What is Visual Analytics?
Visual analytics (VA) was initially proposed as a means to help United States intelligence analysts meet the challenge of dealing with the masses of security-related information made available to them following the terrorist attacks on September 11, 2001, on the World Trade Center and Pentagon. They literally were lost in a data deluge.
Visual analytics is defined as “the science of analytical reasoning facilitated by interactive visual interfaces.”
It is a multidisciplinary field intended to help people understand how to synthesize information in order to derive insights from massive, dynamic, ambiguous, and often conflicting data. In practice, it helps skilled analysts rapidly explore large, complex data sets to gain new insights using interactive visualizations. It draws upon research in a number of relevant areas, including information visualization, human computer interaction, machine learning, statistics, and cognitive science.
Scope of Visual Analytics 
Visual analytics proposes to take advantage of the visual intelligence and cognitive capabilities of human analysts using interactive, exploratory, visualisation tools. These tools also include statistical analysis and machine learning capabilities that would be guided by the analyst.
The amount of data being stored in digital databases is fast growing beyond the capabilities of even expert analysts to manage and use in a coherent manner. Many organizations are trying to find ways to deal with this growing data tsunami.
Although visual analytics originally was intended to solve data analysis problems in the security and intelligence domains, the tools and techniques that have been developed in the past 6-8 years are also of great interest to analysts in many other data-rich domains, e.g., aerospace safety, manufacturing and maintenance, transportation, financial risk analysis and fraud detection, business intelligence and process analysis, health care and medical research, and environmental health and safety.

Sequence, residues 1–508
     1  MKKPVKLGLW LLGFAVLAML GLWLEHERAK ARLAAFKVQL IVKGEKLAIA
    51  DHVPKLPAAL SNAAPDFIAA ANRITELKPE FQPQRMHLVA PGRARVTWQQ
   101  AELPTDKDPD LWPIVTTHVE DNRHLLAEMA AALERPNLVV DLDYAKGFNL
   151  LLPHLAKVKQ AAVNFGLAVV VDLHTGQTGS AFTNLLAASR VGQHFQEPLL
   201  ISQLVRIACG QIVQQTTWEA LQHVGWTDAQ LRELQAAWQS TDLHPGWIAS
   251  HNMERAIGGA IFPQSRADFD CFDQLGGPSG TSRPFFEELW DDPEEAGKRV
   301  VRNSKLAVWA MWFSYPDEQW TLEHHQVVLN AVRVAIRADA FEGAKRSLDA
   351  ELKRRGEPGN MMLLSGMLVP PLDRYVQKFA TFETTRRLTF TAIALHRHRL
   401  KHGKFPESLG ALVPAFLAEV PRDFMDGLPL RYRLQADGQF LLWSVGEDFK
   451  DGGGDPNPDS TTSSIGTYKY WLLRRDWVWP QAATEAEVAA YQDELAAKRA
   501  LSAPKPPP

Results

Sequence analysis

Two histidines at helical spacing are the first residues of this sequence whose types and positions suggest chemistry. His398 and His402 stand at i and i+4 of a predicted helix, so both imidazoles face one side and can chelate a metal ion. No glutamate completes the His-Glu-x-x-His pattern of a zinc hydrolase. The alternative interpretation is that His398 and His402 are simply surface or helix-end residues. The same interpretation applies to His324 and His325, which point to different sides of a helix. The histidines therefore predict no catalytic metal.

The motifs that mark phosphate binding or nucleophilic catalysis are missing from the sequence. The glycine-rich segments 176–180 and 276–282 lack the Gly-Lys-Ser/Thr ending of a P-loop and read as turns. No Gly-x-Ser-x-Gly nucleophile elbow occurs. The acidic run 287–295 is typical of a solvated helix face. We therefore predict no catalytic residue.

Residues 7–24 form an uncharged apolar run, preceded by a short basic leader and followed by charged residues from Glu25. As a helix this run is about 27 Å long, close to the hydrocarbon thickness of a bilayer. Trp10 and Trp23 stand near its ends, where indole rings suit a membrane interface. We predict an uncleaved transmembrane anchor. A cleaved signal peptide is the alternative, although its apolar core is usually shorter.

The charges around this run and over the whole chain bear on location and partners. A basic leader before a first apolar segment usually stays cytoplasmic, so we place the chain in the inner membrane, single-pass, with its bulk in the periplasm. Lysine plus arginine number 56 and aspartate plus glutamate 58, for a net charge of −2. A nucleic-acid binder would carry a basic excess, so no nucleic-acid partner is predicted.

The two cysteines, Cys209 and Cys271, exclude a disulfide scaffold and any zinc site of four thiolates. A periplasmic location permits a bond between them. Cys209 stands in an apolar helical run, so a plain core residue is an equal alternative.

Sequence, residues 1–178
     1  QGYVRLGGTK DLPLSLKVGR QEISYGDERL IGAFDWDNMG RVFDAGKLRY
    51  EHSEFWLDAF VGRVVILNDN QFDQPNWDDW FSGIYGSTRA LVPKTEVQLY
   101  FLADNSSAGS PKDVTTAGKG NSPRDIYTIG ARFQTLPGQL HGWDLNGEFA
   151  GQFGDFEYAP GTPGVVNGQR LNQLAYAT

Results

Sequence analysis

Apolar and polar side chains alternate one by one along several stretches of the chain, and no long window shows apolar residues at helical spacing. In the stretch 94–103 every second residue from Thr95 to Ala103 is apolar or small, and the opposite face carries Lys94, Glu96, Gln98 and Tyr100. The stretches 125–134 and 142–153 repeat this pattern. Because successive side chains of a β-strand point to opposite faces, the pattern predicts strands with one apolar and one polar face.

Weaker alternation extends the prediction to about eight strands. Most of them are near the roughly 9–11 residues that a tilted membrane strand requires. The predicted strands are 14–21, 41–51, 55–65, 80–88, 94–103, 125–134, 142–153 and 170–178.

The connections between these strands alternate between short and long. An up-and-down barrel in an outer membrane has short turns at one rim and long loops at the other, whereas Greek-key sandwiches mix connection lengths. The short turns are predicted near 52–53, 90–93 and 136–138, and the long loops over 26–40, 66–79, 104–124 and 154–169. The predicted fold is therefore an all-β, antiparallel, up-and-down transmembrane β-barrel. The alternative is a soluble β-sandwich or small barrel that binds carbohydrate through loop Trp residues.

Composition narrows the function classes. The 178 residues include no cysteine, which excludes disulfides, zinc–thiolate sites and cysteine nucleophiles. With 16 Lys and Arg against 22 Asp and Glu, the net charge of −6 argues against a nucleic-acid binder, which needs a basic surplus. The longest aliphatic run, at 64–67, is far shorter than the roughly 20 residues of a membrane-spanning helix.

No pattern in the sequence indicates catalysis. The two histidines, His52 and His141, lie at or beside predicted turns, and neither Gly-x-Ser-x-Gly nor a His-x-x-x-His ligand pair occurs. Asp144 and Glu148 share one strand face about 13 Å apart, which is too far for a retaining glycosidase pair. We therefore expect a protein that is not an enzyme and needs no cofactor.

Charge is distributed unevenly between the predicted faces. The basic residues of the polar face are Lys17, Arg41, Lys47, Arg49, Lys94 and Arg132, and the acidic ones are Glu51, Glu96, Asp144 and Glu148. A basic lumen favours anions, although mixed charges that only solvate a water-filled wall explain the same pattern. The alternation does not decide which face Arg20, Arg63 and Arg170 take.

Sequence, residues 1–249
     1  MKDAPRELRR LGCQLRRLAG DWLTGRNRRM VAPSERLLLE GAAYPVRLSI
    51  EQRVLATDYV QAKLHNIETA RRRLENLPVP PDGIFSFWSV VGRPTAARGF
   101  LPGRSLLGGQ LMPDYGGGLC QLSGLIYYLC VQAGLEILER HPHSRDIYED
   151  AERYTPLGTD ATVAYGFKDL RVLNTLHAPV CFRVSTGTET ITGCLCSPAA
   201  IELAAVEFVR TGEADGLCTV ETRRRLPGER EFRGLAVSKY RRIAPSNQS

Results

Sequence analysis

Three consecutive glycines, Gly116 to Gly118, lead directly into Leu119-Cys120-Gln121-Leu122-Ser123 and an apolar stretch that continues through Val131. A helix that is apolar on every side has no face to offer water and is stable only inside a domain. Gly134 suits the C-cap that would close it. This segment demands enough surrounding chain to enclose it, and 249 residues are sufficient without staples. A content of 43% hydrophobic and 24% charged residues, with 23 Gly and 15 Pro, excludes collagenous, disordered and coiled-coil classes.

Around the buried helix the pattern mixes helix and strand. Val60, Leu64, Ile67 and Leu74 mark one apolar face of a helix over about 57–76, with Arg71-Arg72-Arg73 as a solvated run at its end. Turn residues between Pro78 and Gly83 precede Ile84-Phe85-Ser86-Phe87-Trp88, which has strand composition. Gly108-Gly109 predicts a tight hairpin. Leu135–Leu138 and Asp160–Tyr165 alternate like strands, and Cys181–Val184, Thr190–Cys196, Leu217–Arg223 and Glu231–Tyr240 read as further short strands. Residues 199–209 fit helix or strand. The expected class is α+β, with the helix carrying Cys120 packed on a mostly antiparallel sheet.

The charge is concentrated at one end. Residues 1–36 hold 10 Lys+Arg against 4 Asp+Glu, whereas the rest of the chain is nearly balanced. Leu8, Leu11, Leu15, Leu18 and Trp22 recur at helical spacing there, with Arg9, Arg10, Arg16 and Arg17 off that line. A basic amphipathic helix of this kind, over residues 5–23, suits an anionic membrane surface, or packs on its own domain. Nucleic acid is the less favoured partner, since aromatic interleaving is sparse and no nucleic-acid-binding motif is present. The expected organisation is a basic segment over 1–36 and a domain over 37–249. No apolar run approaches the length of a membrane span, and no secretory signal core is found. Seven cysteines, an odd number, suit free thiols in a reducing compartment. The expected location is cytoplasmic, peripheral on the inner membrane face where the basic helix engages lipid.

A World Data Deluge
Organizations everywhere are encountering a significant challenge: How to derive more valuable information from datasets that continue to increase in complexity and size. Traditional analytic approaches are often inadequate to cope with such data sets; important—and sometimes critical—information can remain undiscovered. Consequently, new methods are needed to enable analysts to explore data on this increasing scale to allow confirmation of expected findings and discovery of unexpected findings. Many organizations, researchers and analysts have identified VA as a promising approach for critical data analytic needs.
Global digitally stored data was estimated to be 195 exabytes (1018) in 2007 and is expected to grow to 1.8 zettabytes (1021) by 2011 (for comparison, the US Library of Congress collection is estimated to contain approximately 10 petabytes (1015) of data).
Why Visual Analytics?
- Raw data has little intrinsic value.
- Data mining can help find expected patterns, e.g., prospect for gold and find gold in the data.
- Visual analytics will help analysts see and explore their data to not only find the expected, but also discover the unexpected, e.g., look for gold and find gold, but also possibly find silver or copper in the same data.
Humans have very impressive visual and cognitive capabilities, but humans change very slowly, e.g., brain volume has only doubled in approximately 2.5 x 106 years.
Computing technology, however, has been changing very quickly, e.g., Moore’s Law demonstrates that integrated circuit capacity has consistently doubled in approximately 2 years periods.
One goal of visual analytics is to build better tools and develop better methods to take advantage of human visual and cognitive problem solving capabilities.
 Thomas, J.J. & Cook, K.A. (Eds). Illuminating the path: The research and development agenda for visual analytics. IEEE Computer Society, 2005. (See pdf at NVAC).
 Keim, D.A. & Mansmann, F. Schneidewind, J. & Ziegler, H. Challenges in Visual Data Analysis. Proceedings of Information Visualization (IV), IEEE, p.9-16, 2006.